Linux Commands – groupadd

Linux Commands – groupadd

Linux Commands – groupadd

Hello Everyone

Welcome to CloudAffaire and this is Debjeet.

In the last blog post, we have discussed date command in Linux which is used to displays the current time in the given FORMAT, or set the system date.

https://cloudaffaire.com/linux-commands-date/

In this blog post, we will discuss groupadd command in Linux. groupadd command is used to create a new group in Linux. A group represents a collection of users and is used to manage multiple users at once. Whenever you add a user into a group, the user inherits the group properties from the group. A user can be member of multiple groups at once. Each group has a name and id assosiated with it and optionally you can assign a password as well. Groups can be system generated or user defined. You need to have root or sudo privilege to create a group. A group name can be up to 32 characters long. Group configurations are stored in /etc/login.defs file.

Group Configuration:

  • GID_MAX (number), GID_MIN (number): Range of group IDs used for the creation of regular groups by useradd, groupadd, or newusers. The default value for GID_MIN (resp. GID_MAX) is 1000 (resp. 60000).
  • MAX_MEMBERS_PER_GROUP (number): Maximum members per group entry. When the maximum is reached, a new group entry (line) is started in /etc/group (with the same name, same password, and same GID). The default value is 0, meaning that there are no limits in the number of members in a group.
  • SYS_GID_MAX (number), SYS_GID_MIN (number): Range of group IDs used for the creation of system groups by useradd, groupadd, or newusers.

Group Files:

  • /etc/group: Group account information.
  • /etc/gshadow: Secure group account information.
  • /etc/login.defs: Shadow password suite configuration.

Linux Commands – groupadd:

You can use groupadd command to create a new group.

You can use groupadd -f or –force options to simply exit with success status if the specified group already exists. When used with -g, and the specified GID already exists, another (unique) GID is chosen (i.e. -g is turned off).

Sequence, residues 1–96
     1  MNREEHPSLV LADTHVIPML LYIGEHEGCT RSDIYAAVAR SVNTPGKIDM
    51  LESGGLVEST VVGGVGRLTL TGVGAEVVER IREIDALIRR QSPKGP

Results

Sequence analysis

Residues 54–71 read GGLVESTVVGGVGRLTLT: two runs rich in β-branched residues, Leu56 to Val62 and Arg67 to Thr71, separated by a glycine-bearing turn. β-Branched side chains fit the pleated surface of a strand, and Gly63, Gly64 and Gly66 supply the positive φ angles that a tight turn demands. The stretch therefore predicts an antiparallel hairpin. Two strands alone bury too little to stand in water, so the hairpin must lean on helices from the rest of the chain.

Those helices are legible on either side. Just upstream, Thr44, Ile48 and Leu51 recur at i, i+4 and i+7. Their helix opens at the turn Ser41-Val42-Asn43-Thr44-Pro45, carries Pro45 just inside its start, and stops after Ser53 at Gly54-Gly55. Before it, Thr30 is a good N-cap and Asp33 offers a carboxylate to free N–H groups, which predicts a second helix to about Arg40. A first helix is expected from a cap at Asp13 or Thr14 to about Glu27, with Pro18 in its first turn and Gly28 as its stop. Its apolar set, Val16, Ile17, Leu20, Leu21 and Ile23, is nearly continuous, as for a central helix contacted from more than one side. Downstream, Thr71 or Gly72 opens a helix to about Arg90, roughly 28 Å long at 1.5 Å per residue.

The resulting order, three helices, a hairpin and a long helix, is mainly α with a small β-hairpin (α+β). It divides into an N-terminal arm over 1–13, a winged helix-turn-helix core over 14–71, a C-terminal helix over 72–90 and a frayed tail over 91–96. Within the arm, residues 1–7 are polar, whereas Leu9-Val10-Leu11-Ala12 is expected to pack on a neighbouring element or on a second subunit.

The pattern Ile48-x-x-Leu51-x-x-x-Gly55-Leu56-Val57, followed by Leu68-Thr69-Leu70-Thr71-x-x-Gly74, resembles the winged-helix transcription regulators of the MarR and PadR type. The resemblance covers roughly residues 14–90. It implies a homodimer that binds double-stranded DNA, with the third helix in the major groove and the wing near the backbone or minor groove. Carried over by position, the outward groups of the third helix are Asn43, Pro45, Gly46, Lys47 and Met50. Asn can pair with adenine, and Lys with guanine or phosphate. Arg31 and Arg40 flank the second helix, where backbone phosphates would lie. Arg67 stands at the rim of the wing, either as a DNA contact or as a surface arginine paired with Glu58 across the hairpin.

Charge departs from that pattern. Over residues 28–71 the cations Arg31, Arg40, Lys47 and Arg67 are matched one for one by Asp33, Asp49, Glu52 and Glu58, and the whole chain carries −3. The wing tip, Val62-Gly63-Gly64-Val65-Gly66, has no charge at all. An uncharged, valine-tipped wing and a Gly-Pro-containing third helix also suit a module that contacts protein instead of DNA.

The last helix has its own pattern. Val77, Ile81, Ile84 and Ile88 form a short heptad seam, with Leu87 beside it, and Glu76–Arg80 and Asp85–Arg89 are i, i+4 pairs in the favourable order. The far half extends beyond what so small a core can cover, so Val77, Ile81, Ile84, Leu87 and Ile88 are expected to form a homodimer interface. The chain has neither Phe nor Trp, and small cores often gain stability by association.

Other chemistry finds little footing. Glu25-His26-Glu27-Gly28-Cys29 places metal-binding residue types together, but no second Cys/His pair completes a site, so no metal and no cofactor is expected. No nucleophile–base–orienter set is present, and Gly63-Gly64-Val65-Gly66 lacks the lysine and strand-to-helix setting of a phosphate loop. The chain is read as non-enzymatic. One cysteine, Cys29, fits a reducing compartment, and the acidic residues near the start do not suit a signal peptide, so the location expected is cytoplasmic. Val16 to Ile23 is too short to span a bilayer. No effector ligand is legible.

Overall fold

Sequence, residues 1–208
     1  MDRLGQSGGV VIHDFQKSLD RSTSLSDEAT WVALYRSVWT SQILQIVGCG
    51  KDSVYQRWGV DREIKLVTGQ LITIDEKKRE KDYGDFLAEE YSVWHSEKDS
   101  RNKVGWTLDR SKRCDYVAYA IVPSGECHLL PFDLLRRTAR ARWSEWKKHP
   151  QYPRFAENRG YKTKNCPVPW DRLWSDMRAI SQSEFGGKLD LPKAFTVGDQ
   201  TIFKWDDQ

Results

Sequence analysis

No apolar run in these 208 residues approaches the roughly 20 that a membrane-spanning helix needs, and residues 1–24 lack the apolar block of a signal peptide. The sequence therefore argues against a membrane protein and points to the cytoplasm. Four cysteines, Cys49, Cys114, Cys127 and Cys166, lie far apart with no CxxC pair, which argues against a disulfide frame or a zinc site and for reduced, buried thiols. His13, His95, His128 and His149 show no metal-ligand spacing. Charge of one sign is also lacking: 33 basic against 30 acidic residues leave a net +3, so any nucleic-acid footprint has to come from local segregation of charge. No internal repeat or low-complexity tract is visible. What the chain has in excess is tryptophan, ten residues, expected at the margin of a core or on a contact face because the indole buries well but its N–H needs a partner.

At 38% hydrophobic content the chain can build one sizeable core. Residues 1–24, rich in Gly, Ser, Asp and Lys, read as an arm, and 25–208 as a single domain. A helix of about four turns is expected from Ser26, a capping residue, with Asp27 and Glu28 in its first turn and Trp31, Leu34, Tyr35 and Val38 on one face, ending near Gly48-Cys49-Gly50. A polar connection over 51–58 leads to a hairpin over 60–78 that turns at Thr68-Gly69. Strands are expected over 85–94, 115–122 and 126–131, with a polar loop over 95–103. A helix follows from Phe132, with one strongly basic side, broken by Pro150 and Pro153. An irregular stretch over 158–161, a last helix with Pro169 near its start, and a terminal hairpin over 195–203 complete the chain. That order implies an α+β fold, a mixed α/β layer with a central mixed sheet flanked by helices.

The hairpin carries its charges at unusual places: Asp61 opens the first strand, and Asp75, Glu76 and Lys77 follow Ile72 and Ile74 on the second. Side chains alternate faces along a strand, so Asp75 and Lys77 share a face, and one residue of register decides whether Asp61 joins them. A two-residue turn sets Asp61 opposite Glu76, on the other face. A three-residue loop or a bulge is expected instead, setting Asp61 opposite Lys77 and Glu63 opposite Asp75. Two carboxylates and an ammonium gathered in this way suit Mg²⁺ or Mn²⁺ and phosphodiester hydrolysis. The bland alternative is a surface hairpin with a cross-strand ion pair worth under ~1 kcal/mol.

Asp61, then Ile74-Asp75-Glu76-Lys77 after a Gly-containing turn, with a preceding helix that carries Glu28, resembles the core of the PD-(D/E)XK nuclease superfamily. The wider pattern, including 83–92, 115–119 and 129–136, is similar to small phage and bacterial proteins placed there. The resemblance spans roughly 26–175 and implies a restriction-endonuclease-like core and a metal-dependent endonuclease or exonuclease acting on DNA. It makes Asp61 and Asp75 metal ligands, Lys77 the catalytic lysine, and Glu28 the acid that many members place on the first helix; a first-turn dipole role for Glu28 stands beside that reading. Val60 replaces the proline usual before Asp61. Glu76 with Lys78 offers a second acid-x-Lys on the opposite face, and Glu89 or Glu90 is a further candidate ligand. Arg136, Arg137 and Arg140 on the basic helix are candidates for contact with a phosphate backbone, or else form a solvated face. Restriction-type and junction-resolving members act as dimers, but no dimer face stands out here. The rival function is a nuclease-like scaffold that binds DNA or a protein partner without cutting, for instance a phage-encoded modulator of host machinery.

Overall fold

You can use groupadd -g GID or –gid GID options to define a custom group id for your group. The GID value must adhere to group configuration defined in /etc/login.defs file. This value must be unique, unless the -o option is used. The value must be non-negative. The default is to use the smallest ID value greater than or equal to GID_MIN and greater than every other group.

You can use groupadd -K or –key KEY=VALUE options to override /etc/login.defs defaults (GID_MIN, GID_MAX and others). Multiple -K options can be specified.

You can use groupadd -o or –non-unique options which permit to add a group with a non-unique GID.

You can use groupadd -p or –password PASSWORD options to define a password for the group, default is to disable password for group. Please note that the password is secure and can be listed.

You can use groupadd -r or –system options to define a system group. There is no difference between a normal group and system group, only the numeric identifiers of new system groups are chosen in the SYS_GID_MIN-SYS_GID_MAX range, defined in login.defs, instead of GID_MIN-GID_MAX.

Hope you have enjoyed this article. In the next blog post, we will discuss groupmod command in Linux.

 

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